Other established composition theorists including Duane Roen (interview) and Lad Tobin describe their teaching styles prior to exposure to Writing Without Teachers as somewhat benighted—and how Elbow’s work helped them perceive students and the purpose of teaching more clearly. Writing Without Teachers has functioned as a koan for writing scholars, leading us to consider paradoxes inherent in writing instruction.   


In the Eastern tradition of spiritual learning, the enigmatic figures prominently in the form of the koan.  Novices in Zen training approached master monks with a question to which the monk would reply with a seemingly inscrutable answer—either verbally or physically.


Zen masters were known to resort to hitting, beating, and even maiming students, but they also used incoherence, ambiguity, imagery, and repetition to instruct.  Together, the initial question and the monk’s response served as a form of independent study for the novice who would spend an unprescribed amount of time working toward its solution.   

As D.T. Suzuki describes the koan in Zen Buddhism, the koan is intended to develop Zen consciousness by surpassing the limits of logic and intellectualism: “the koan given to the uninitiated is intended to ‘destroy the root of life,’ ‘to make the calculating mind die’, ‘to root out the entire mind that has been at work since eternity’” (138).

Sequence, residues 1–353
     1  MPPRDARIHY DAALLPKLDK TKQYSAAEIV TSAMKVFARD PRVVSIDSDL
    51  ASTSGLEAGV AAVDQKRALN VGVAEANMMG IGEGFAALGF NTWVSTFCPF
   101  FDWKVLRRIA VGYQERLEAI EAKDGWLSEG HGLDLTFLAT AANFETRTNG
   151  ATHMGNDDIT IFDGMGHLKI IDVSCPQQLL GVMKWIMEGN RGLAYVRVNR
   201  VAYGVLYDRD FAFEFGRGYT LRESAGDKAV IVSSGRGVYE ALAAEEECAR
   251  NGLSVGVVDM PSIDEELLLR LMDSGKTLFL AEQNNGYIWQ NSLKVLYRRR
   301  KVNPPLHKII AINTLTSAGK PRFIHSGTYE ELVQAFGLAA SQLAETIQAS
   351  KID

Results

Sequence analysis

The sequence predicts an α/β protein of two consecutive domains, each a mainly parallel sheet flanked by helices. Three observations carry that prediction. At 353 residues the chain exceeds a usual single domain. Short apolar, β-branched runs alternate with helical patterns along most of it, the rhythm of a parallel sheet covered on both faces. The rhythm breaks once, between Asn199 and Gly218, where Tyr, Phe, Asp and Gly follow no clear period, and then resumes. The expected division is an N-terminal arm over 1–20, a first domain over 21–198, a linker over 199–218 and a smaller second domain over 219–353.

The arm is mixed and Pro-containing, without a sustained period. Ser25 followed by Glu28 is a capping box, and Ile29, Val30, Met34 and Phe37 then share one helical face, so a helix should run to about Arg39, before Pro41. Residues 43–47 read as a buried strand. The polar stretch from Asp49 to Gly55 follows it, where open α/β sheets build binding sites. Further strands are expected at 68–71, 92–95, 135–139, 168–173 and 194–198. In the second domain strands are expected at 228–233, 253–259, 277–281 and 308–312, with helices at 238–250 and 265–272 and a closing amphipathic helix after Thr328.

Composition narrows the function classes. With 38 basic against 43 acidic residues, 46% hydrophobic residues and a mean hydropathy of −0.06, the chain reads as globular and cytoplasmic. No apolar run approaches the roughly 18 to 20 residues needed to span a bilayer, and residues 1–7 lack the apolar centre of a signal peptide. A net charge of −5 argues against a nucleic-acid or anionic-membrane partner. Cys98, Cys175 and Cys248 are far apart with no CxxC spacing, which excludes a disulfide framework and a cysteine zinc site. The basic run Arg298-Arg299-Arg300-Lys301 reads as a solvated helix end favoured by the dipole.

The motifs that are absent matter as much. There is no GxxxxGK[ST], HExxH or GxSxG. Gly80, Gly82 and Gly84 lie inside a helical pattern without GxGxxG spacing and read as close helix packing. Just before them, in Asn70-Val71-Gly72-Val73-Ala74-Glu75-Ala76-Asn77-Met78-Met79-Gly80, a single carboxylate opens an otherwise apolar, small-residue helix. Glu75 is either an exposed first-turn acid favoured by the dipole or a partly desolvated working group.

One learning outcome of the koan, so to speak, is an embracing of paradox and contradiction as part of the reality of the present, not tampered with by categories and intellect.  A classic example from eastern thought of such paradox, although not a koan per se, is the Buddha’s pronouncement at a summit of monks that “Form is emptiness, and emptiness is form.”  

Among the many paradoxes of Writing Without Teachers would be the yin-yang relationship of chaos and control, solitude and readership, creativity and analysis, doubt and belief.  
In “East Meets West: Peter Elbow’s ‘Embracing’ of ‘Contraries’ Across Cultures,” George Kalamaras describes the ways in which Elbow has engaged paradox throughout his career. Although Kalamaras is speaking of Elbow’s overall work with doubt and belief, Kalamaras’ description is also applicable to the 1973 book, how Elbow points to "the importance of remaining attentive to the interaction of what might on the surface be considered contradictory. This is similar to the use of Zen Buddhist koans (such as 'What is your face before your parents were born?,' whose paradoxical structure serves to sever the question from the answer (and, paradoxically, even from the questioner), reorienting one to a fresh experience of reality" (117).

And then there’s the question of the identity of Elbow’s “real” Writing without Teachers reader, given his choice to publish with a university press and given his own position inside academia.   

Does Elbow really mean that we should write totally without teachers, or is there some sort of half-way state?  If we are a teacher-reader of Writing without Teachers, does this mean we should cease all teaching in order to teach?   

In my next post, I will consider the paradox—or tautology—in that notion.